DNA phase-separation as a general mean of regulating gene expression in hybrid cells

Lead Research Organisation: Imperial College London
Department Name: Dept of Chemistry

Abstract

Liquid-liquid phase separation is increasingly recognised as a key mechanism to regulate gene expression in living cells by controlling the accessibility of genetic material and its co-localisation with transcription machinery. Although mechanisms that trigger phase separation in biological cells are not fully understood, a similar control of transcriptional activation could be recapitulated in hybrid cells, engineered from the bottom-up by combining biological and man-made components. Programming the condensation of genetic material (DNA) and its co-localisation with cellular machinery is a particularly promising approach to regulate transcription. DNA aggregation can be induced by wellunderstood canonical and non-canonical secondary structures, and its occurrence can thus be controlled by a variety of physical stimuli, including temperature, crowding agents and exposure to certain ions. Herein, we propose to generate a hybrid cell system that can be transcriptionally activated by triggering nucleic-acid phase separation, offering an orthogonal solution to current methods that fully rely on small-molecule treatment (e.g. IPTG) and cannot be controlled easily by physical means. Besides offering an alternative method to regulate gene-expression in artificial cells, this project will yield insights on the fundamental physical processes that might be responsible of gene-regulation via liquid-liquid phase separation in living cells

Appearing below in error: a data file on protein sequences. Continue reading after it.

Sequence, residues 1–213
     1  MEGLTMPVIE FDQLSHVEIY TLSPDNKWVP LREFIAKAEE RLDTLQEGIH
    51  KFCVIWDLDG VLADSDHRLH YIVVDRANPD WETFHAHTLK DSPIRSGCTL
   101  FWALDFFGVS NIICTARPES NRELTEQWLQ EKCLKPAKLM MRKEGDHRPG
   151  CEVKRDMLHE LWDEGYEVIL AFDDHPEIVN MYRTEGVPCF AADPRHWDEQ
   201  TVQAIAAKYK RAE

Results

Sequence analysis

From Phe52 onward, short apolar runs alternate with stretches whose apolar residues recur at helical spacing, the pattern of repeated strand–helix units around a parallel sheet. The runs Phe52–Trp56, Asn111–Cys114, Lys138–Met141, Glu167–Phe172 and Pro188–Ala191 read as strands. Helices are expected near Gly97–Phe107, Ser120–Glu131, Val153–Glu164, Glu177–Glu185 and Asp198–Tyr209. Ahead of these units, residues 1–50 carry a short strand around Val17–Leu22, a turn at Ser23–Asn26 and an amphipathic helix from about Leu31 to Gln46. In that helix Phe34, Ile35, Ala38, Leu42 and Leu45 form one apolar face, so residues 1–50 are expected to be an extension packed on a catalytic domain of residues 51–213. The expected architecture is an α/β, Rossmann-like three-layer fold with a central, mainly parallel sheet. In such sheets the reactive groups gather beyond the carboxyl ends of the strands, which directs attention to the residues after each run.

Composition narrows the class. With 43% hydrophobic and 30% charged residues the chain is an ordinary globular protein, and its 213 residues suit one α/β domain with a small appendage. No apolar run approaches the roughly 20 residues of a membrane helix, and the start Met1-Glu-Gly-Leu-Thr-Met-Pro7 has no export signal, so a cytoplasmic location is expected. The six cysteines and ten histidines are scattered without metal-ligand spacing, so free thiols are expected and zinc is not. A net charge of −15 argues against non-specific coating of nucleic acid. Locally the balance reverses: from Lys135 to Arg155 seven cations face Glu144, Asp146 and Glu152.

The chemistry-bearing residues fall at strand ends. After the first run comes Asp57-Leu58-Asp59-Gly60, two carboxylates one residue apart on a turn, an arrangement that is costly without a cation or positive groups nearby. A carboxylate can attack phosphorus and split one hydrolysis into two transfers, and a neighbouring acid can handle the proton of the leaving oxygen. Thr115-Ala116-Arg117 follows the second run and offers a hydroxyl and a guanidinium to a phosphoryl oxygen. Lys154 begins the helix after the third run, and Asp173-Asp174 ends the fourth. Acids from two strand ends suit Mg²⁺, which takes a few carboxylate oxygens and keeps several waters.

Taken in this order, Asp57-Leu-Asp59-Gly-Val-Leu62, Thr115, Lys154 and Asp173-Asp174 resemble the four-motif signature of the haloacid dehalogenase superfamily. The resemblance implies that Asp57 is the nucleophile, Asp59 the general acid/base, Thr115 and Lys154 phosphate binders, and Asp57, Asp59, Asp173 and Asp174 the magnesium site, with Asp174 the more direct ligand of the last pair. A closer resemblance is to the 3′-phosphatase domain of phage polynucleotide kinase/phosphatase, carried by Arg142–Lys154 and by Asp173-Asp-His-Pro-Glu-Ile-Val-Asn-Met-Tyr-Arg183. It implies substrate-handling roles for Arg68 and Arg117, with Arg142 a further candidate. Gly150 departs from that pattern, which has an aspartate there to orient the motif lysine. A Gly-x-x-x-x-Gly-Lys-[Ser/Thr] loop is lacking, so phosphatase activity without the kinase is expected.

Publications

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Studentship Projects

Project Reference Relationship Related To Start End Student Name
EP/S023518/1 01/10/2019 31/03/2028
2451637 Studentship EP/S023518/1 03/10/2020 30/09/2023 Federica Raguseo